As for alcohol: It is not allowed as an "official gift" from an officer. Nor can any SCA funds be used to purchase it, except for cooking. How we handle this in Caid is usually the alcoholic presentation is given outside of Court, as a personal gift. The SCA wide rules do exclude giving presentation as an official duty of an officer, but it was decided to handle it in this manner to avoid any confusion or problems.

 

-Muiriath

 

 

Date: Mon, 10 Aug 2009 11:10:45 -0400

From: Audrey Bergeron-Morin <audreybmorin at gmail.com>

Subject: Re: [Sca-cooks] Largesse: What to avoid.

To: avrealtor at prodigy.net,    Cooks within the SCA

        <sca-cooks at lists.ansteorra.org>

 

<<< As for alcohol: It is not allowed as an "official gift" from an officer. Nor can any SCA funds be used to purchase it, except for cooking. How we handle this in Caid is usually the alcoholic presentation is given outside of Court, as a personal gift. >>>

 

Ah, yes. We usually officially give a magnificent empty bottle. What

is put in the bottle after it is given is up to the concerned parties

;-)

 

 

Date: Mon, 10 Aug 2009 10:40:00 -0500

From: Michael Gunter <countgunthar at hotmail.com>

Subject: Re: [Sca-cooks] Largesse: What to avoid.

To: Cooks within the SCA <sca-cooks at lists.ansteorra.org>

 

I think it depends on what you mean by largess.

 

Are you making gift baskets or items to be given to the Crown to use Themselves or for Them to give out?

 

BIG difference there.

 

 

Things to give a Crown for Them to hand out:

 

Nice trim, beads, strings of gems.

Elegant items that may reflect their personnas or devices.

Favors with their sigil that they can give to fighters or such.

Fans

Rings in their size. I personally loved to give people a ring off

my finger.

 

Nice daggers, axes, even swords for very special gifts.

Hand sewn items such as hankerchiefs.

Veils with nice veil pins

Perhaps spices or cooking utensils they can give to feast stewards.

 

(Things like period cooking tools, such as period knives or stoneware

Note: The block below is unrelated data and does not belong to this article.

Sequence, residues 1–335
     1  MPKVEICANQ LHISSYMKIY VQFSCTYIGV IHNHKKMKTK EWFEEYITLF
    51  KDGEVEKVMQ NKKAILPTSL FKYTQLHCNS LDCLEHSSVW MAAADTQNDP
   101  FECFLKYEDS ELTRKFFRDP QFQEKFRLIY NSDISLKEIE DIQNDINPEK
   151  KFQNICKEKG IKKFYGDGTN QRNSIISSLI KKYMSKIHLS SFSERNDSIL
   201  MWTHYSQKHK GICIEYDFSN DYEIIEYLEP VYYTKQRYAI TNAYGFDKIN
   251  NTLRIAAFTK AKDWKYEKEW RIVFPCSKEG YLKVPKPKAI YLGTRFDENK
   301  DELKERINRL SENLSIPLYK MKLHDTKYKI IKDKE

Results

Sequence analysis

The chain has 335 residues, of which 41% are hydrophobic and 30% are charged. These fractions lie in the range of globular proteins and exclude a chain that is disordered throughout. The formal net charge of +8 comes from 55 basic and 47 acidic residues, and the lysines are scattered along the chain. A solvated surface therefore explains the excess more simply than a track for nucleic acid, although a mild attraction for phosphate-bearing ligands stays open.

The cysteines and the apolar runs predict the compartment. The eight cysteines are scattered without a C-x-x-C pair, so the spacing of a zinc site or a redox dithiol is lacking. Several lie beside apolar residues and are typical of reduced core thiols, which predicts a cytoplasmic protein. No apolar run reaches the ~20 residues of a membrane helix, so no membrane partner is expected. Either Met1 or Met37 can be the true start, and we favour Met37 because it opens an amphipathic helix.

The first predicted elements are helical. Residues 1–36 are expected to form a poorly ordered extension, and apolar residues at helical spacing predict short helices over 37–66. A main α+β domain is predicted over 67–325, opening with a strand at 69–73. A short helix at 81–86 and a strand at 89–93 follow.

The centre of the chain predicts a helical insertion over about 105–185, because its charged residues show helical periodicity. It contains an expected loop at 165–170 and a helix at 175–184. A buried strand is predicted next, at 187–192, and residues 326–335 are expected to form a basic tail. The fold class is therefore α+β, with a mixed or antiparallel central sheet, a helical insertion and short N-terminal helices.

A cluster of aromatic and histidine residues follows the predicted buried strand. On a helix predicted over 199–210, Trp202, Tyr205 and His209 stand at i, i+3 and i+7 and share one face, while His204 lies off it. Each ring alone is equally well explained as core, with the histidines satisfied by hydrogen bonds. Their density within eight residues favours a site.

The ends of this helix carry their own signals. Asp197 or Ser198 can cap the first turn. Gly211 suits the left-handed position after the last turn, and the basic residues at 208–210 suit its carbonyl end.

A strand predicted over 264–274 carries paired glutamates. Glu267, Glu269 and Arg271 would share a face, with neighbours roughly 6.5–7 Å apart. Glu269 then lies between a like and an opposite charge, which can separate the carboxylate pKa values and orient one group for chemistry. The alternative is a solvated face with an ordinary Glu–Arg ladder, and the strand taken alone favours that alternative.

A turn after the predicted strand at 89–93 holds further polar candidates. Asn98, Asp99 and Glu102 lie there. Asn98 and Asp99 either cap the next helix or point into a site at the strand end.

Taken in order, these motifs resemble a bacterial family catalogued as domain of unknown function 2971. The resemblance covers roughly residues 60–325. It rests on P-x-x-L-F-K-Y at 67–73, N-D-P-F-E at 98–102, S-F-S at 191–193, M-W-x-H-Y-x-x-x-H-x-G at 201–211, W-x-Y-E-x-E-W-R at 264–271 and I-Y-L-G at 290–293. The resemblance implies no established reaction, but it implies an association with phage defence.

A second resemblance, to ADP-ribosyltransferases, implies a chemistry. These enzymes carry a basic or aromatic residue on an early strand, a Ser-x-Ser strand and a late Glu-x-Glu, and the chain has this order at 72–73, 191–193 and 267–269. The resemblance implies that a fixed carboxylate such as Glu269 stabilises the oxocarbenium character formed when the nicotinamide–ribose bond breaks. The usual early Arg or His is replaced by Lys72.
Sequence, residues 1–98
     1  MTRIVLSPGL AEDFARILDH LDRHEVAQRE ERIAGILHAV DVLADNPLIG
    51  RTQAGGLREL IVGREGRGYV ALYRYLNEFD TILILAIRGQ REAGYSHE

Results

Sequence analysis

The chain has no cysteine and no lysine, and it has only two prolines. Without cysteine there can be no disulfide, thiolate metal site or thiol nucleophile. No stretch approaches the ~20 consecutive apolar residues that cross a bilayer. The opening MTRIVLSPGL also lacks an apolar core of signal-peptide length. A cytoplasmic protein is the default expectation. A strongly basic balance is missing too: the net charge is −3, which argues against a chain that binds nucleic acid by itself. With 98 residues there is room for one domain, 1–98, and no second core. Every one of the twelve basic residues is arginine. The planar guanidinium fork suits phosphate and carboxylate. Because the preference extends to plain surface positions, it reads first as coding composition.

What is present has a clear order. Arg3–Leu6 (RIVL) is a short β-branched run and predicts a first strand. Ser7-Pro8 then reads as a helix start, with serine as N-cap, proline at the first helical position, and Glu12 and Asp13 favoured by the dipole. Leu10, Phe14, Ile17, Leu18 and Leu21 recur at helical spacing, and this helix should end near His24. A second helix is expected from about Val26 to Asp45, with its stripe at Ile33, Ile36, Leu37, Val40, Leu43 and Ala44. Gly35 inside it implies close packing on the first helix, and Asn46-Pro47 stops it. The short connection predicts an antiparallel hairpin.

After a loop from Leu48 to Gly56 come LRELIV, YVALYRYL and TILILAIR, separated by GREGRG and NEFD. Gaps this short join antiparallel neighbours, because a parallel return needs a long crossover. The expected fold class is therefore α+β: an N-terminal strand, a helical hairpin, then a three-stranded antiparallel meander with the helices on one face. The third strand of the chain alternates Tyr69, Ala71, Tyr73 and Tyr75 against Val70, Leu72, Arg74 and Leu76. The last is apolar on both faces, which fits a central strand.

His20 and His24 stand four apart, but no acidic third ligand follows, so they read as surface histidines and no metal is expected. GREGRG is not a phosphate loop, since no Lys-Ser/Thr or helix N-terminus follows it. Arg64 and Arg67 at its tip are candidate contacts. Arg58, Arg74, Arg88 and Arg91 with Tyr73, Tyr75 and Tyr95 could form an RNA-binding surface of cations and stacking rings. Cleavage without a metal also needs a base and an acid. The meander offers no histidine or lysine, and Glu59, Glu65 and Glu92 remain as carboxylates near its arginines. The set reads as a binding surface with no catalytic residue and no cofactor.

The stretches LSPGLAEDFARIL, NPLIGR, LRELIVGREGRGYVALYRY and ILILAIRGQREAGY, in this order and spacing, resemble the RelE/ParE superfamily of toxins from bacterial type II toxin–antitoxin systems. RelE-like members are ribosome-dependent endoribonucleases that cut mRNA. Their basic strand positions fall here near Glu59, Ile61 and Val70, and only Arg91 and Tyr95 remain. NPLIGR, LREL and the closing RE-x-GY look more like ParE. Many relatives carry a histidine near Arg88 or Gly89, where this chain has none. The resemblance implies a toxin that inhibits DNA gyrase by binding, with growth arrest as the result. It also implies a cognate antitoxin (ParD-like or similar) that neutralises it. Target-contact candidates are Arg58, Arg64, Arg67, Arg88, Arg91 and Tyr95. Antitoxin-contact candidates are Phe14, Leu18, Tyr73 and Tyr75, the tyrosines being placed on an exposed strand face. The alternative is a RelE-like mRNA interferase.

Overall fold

are AWESOME!)

 

Silk or paper umbrellas.

Small items they can carry on their person or in a small basket.

 

 

Things to give for Them to use:

 

Gas Cards

White boards with markers

Wooden frames like used for wax tablets that fit their PDA's.

Silk or paper umbrellas.

Silk banners with their arms

A "medical pack" of things like baby powder, throat lozenges, asprin,

eye drops, sunscreen, etc...

 

Veils with nice veil pins.

Take up a collection and pay for a motel room for a night.

Every Queen loves Rose jewelry.

 

Items to enhance their personnas

 

Cloaks

Gloves

Pouches that have room for stuff.

Mini-flashlights.

 

All liquids or foods must be clearly marked as to what they are

and when they were made. And "House Targarvagen Cure-All"

don't count unless said Royals know what the hell that is.

 

Hoods, veils, keffiyas, etc...to keep the sun and rain off them and

to hopefully curb their desire to wear sunglasses.

 

A little folding chair the Queen can sit on to watch the fighting,

even a mundane one is okay if her skirts conceal it.

 

 

Things to avoid:

 

Soap

Salt

Candles

Mystery food

Anything with the Kingdom Arms on it. That makes it Kingdom

Regalia and they don't get to keep it.

 

Animals unless you know they REALLY want it.

Heavily perfumed items.

Stuff obviously from garage sales or second hand stores.

Poorly made items just because you think you have to give

them something. Trust me, most Crowns would rather get

nothing than be given stuff they would throw away.

 

Oversized items unless you know how they are going to

get it home.

 

These are just some thoughts off the top of my head.

 

[Duke] Gunthar

 

 

Date: Mon, 10 Aug 2009 10:58:19 -0500

From: Judith Epstein <judith at ipstenu.org>

Subject: Re: [Sca-cooks] Largesse: What to avoid.

To: Cooks within the SCA <sca-cooks at lists.ansteorra.org>

 

On Aug 10, 2009, at 10:40 AM, Michael Gunter wrote:

<<< I think it depends on what you mean by largess.

Are you making gift baskets or items to be given to the

Crown to use Themselves or for Them to give out?

BIG difference there. >>>

 

I was talking about an item for an individual to give to another